This result encourages epigenetic inquiry into the effects of CPL on endogenous opioid systems, and their role in resilience under extreme stress. In addition, a redefinition of what constitutes a (truly) healthy control in clinical research protocols may be called for.” Continue reading

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Exercise’s Psychological & Physical Effects on Health, Disorders, & Quality of Life

Meta-Analyses: Exercise’s Psychological & Physical Effects on Health, Disorders, & Quality of Life. Another gem from Dr. Ken Pope’s web site.    

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Panic, Separation Anxiety, Suffocation False Alarms and Endogenous Opioids: Can panic research inform clinical neurology? October 9, 2013 Mount Sinai Hospital, Department of Neurology Grand Rounds

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Invitation to my Grand Rounds Talk at Mount Sinai, Wednesday, October 9, 2013, 8am

Please join us for our next Neurology Grand Rounds on Wednesday, October 9th at 8 AM in Davis Auditorium (Hess Center for Science and Medicine) at 1470 Madison Ave between 101st and 102nd streets. Refreshments will be served at 7:30 AM so please feel free to arrive early.

Title: “Panic, Separation Anxiety, Suffocation False Alarms and Endogenous Opioids: Can panic research inform clinical neurology?”

Presenter: Dr. Maurice Preter, MD
Assistant Professor of Clinical Psychiatry,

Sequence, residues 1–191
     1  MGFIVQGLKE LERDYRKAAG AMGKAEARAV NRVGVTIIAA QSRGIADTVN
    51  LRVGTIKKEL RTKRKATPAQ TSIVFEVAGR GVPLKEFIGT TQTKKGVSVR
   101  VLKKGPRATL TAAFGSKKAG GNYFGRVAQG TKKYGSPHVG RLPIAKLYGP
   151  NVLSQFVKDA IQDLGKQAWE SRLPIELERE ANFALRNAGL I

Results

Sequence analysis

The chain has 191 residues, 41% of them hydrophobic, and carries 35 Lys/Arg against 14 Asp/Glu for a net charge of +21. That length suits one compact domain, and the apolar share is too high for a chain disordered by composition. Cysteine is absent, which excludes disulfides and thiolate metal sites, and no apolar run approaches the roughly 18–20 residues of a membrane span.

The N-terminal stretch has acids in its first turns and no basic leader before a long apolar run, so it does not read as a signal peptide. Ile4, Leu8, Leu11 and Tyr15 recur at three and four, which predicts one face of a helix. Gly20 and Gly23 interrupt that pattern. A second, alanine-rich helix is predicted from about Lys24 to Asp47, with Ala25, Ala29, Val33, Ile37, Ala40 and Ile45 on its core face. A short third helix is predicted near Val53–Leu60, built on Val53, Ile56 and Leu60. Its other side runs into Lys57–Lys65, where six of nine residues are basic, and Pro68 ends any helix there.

Columbia’s College of Physicians and Surgeons;
Associate Professor of Neurology (Adj.),
SUNY Downstate Medical Center, Brooklyn, NY
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Flatworms Recall Familiar Environs, Even after Losing Their Heads: Scientific American

Flatworms Recall Familiar Environs, Even after Losing Their Heads: Scientific American. Highly recommended reading. As it turns out, one does not have to go all the way down the evolutionary ladder to be reminded that even brain-impaired or brain-damaged individuals (whether through TBI, dementia, various levels of unconsciousness, or simply sleep) have not only memories, but continue to experience emotions, good and bad. As an illustration that the brain is made of many different levels and parts, here is a recent paper by Feinstein et … Continue reading

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North Shore-Lenox Hill Hospital Neurology Grand Rounds on May 21, 2013 Topic: Panic, Separation Anxiety, Suffocation False Alarms and Endogenous Opioids: How panic research can inform clinical neurology.

I will be giving North Shore-Lenox Hill Hospital Neurology Grand Rounds on May 21, 2013 – all invited! Topic:    Panic, Separation Anxiety, Suffocation False Alarms and Endogenous Opioids: How panic research can inform clinical neurology.  Speaker:  Maurice Preter, MD Date:          5/21/2013 Time:    8:30-9:30 AM                  Location:  2nd Floor Achelis Conference Room [PDF is here: North Shore flyer may 21] Learning Objectives: Upon completion of this session, participants should be able to: 1) Understand research on panic and separation anxiety 2) Be able to apply … Continue reading

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Panic Developments – An Interesting Editorial by Donald F. Klein in the Revista Brasileira de Psiquiatria

Revista Brasileira de Psiquiatria 2012;34(Supl1):S01-S04 Panic Developments This editorial permits personal conclusions and questions, hoping to stimulate relevant research. Klein, in 1959, serendipitously found that imipramine blocked the apparently spontaneous panic attack in non-depressed inpatients, later considered agoraphobic.Later it was found that these specific anti-panic drugs blocked lactate challenges, although low potency benzodiazepines and beta-blockers did not. Also, panic patients with early onset, frequently had a history of severe separation anxiety disorder, often manifested as school phobia. A series of usually post-pubertal panics led to … Continue reading